Who stands beneath yon fir trees high?
A youth both slight and fair,
Whose bright and restless azure eye
Proclaims him known to care,
Though fair that brow, it is not smooth;
Though small those features, yet in sooth
Stern passion has been there.
Now on the peaceful moon are fixed
Those eyes so glistening bright,
But trembling teardrops hang betwixt,
And dim the blessed light.
Though late the hour, and keen the blast,
That whistles round him now,
Those raven locks are backward cast,
To cool his burning brow.
His hands above his heaving breast
Are clasped in agony —
‘O Father! Father! let me rest!
And call my soul to thee!
I know ’tis weakness thus to pray;
But all this cankering care –
This doubt tormenting night and day
Is more than I can bear!
With none to comfort, none to guide
And none to strengthen me.
Since thou my only friend hast died –
I’ve pined to follow thee!
Since thou hast died! And did he live
What comfort could his counsel give –
To one forlorn like me?
Would he my Idol’s form adore –
Her soul, her glance, her tone?
And say, “Forget for ever more
Her kindred and thine own;
Let dreams of her thy peace destroy,
Leave every other hope and joy
And live for her alone”?’
He starts, he smiles, and dries the tears,
Still glistening on his cheek,
The lady of his soul appears,
And hark! I hear her speak –
‘Aye, dry thy tears; thou wilt not weep –
While I am by thy side –
Our foes all day their watch may keep
But cannot thus divide
Such hearts as ours; and we tonight
Together in the clear moon’s light
Their malice will deride.
No fear our present bliss shall blast
And sorrow we’ll defy.
Do thou forget the dreary past,
The dreadful future I.’
Forget it? Yes, while thou art by
I think of nought but thee,
‘Tis only when thou art not nigh
Remembrance tortures me.
But such a lofty soul to find,
And such a heart as thine,
In such a glorious form enshrined
And still to call thee mine –
Would be for earth too great a bliss,
Without a taint of woe like this,
Then why should I repine?
This weekend I visited Halifax to see their Gentleman Jack weekend celebrations. Suffice to say they did this excellent series proud, and Shibden Hall was filled with fans from across the world. I’ve reported previously on Emily Brontë’s possible visit to Shibden, the once home of Anne Lister, and of the many Brontë connections to the beautiful town of Halifax, but I was pleased to see that one of Shibden Hall’s very knowledgeable guides is also a guide at the Brontë Parsonage Museum in Haworth; now there’s a woman who goes the extra mile to support Yorkshire’s cultural and literary heritage!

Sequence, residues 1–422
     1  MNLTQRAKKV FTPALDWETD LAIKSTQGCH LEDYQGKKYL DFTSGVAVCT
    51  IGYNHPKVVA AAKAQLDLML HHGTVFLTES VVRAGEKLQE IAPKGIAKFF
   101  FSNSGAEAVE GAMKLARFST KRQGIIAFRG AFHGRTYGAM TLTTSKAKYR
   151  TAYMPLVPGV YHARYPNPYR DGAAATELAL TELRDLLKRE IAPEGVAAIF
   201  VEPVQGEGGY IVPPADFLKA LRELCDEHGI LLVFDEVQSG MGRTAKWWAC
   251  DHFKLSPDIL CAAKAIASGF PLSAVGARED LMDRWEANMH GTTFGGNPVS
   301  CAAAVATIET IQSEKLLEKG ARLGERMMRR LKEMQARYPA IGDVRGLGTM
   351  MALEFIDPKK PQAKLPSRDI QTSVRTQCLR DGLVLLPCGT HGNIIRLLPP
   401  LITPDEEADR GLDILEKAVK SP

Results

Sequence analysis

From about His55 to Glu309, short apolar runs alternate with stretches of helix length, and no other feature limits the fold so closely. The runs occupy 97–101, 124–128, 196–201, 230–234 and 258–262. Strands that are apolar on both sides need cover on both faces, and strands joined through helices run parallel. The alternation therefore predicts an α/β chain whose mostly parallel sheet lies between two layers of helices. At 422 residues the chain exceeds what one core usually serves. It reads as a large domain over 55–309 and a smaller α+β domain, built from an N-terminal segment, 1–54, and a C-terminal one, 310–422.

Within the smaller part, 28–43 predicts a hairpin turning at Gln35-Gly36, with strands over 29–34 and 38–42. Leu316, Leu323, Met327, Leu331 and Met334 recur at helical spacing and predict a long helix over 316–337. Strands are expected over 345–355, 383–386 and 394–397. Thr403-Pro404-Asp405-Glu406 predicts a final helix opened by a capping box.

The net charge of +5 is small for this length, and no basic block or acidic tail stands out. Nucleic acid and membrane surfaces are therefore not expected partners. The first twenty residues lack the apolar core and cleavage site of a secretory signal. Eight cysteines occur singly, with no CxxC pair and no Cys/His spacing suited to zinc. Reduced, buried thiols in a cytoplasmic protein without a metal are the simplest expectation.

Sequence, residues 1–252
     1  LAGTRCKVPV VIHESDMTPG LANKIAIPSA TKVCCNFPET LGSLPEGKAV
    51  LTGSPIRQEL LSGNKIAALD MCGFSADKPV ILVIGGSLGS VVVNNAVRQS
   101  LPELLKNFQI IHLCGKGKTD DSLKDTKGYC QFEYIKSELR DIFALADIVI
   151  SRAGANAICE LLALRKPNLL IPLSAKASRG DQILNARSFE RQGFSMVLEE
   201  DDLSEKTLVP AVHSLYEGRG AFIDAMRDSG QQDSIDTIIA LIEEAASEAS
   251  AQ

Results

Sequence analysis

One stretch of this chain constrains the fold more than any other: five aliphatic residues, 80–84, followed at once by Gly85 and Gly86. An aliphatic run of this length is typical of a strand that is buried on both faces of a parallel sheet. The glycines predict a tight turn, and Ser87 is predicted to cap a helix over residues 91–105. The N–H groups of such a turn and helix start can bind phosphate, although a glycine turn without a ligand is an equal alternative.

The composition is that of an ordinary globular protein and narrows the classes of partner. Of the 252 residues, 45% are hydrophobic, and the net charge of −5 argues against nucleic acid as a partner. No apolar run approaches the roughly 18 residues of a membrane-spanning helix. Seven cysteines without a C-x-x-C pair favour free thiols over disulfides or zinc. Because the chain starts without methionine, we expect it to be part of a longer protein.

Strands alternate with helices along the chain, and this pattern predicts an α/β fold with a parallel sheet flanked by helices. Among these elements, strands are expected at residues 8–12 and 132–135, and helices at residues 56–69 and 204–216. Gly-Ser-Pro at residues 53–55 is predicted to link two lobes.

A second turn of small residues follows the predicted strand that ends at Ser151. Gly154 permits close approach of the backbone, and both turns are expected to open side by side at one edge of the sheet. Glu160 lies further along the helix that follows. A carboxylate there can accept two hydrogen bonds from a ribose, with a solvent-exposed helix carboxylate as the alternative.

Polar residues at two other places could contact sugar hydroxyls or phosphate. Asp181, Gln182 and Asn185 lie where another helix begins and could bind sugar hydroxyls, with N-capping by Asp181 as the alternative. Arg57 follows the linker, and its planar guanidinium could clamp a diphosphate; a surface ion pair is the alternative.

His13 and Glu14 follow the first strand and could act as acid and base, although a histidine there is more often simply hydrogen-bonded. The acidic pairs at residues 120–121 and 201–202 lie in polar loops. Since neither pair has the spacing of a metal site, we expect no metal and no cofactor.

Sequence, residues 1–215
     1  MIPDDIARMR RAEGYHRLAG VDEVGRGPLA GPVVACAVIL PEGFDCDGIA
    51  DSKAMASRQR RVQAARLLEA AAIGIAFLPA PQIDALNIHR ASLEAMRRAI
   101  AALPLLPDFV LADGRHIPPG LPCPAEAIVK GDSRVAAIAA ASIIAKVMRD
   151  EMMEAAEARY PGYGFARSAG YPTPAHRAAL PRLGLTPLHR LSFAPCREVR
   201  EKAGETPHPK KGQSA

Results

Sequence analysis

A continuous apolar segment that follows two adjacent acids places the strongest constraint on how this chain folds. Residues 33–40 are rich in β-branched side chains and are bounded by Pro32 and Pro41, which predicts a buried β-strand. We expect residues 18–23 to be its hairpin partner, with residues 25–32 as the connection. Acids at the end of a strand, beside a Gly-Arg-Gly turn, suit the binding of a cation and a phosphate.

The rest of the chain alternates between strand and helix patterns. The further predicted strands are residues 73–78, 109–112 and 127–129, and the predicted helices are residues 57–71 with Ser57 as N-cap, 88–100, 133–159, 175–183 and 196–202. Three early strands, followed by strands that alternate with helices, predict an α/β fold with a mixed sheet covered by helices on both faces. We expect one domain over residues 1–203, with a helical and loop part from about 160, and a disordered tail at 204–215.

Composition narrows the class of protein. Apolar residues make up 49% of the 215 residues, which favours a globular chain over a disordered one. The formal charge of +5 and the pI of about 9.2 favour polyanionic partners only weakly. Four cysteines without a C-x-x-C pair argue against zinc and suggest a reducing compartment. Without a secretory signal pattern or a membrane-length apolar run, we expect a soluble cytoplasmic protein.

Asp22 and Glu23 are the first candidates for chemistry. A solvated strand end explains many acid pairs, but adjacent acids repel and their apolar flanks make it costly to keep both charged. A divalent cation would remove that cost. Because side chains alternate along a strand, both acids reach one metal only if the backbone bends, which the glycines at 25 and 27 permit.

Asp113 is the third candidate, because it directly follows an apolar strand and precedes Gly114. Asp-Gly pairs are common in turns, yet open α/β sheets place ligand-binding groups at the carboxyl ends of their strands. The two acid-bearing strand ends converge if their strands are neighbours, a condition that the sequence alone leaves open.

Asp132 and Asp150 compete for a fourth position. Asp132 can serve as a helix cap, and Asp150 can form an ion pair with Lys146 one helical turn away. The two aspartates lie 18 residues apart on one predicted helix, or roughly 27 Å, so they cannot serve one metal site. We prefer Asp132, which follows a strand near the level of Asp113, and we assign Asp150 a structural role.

For reasons of time, today’s post may be a little shorter than usual but I’ve decided to dedicate it to a review of a series that I’ve just finished watching: ‘Jane Eyre’, produced by the BBC in 1983. Thanks to the wonders of modern technology we can now watch many different versions of Charlotte Brontë’s brilliant tale and I’d been given this particular version as a well selected Christmas present.
I’m a huge fan of the BBC’s 2006 version of ‘Jane Eyre’ starring Ruth Wilson and Toby Stephens (who has fine form as a Brontë actor, as he also played Gilbert with aplomb in an earlier ‘The Tenant Of Wildfell Hall‘), so when I first sat down to watch 1983’s offering, it had a lot to live up to.
The first thing that caught the attention was the theme music, slow, melodic, plaintive and beautiful it perfectly prepares us for the drama ahead. The second thing a modern viewer can’t help but notice is that many of the sets look ‘stagey’ in a way that we wouldn’t expect today, so that it has an air of a theatrical production rather than relying on special effects or big budget location shots.
Another thing that grabs the viewer from the off is how faithful the script is to the words that Charlotte Brontë herself set down on the page, with the dialogue lifted almost entirely from the original novel. I’m very much in favour of this, as after all a screenwriter would have to be superb at their craft to be able to write as well as Charlotte did – although it has to be pointed out that the screenwriter on this occasion, Alexander Baron, was a master of his craft!
Two characters above all others dominate ‘Jane Eyre’ in both book and dramatised form; we are, of course, talking of Jane herself and Rochester, so these have to be correct. Some have found fault in key aspects of both of these characters in the 1983 adaptation, saying that Zelah Clarke is too old to play Jane, and that Timothy Dalton is too handsome to play Rochester. Certainly, we can scoff when Zela’s Jane keeps saying that she is in her late teens (when the actress was ten years older) or when Rochester says that he is twenty years older than Jane, or when it is pointed out that he is ugly – the two characters appear to be the same age, and nobody in fairness could say that the future James Bond was lacking in the looks department.
These could be faults that hole this adaptation below the water line, but they don’t because of the superb directing and superb acting constantly on display. Even when he’s supposedly disfigured from the fire at Thornfield Hall (oops, spoiler alert), Dalton still looks like he’s been carved very effectively and rather flawlessly out of a lump of granite, and yet when he opens his mouth I was completely taken in by his portrayal of Rochester. Gruff, bluff, argumentative, and hugely charismatic, at times frightening and at others fragile – if you’ve only seen Dalton as Bond, you’ll be amazed at the power of his performance on display here.
Zelah on the other hand, may look less like an unworldly teen than Charlotte intended, but yet again this fails to detract from her excellent performance. She delivers her words with precise pronunciation, but in her pauses we can feel the pounding passion and fierce intelligence within Jane. By the end of the series I completely believed in this Jane and rooted for her, and it is easy to see why Rochester would become so enraptured by her.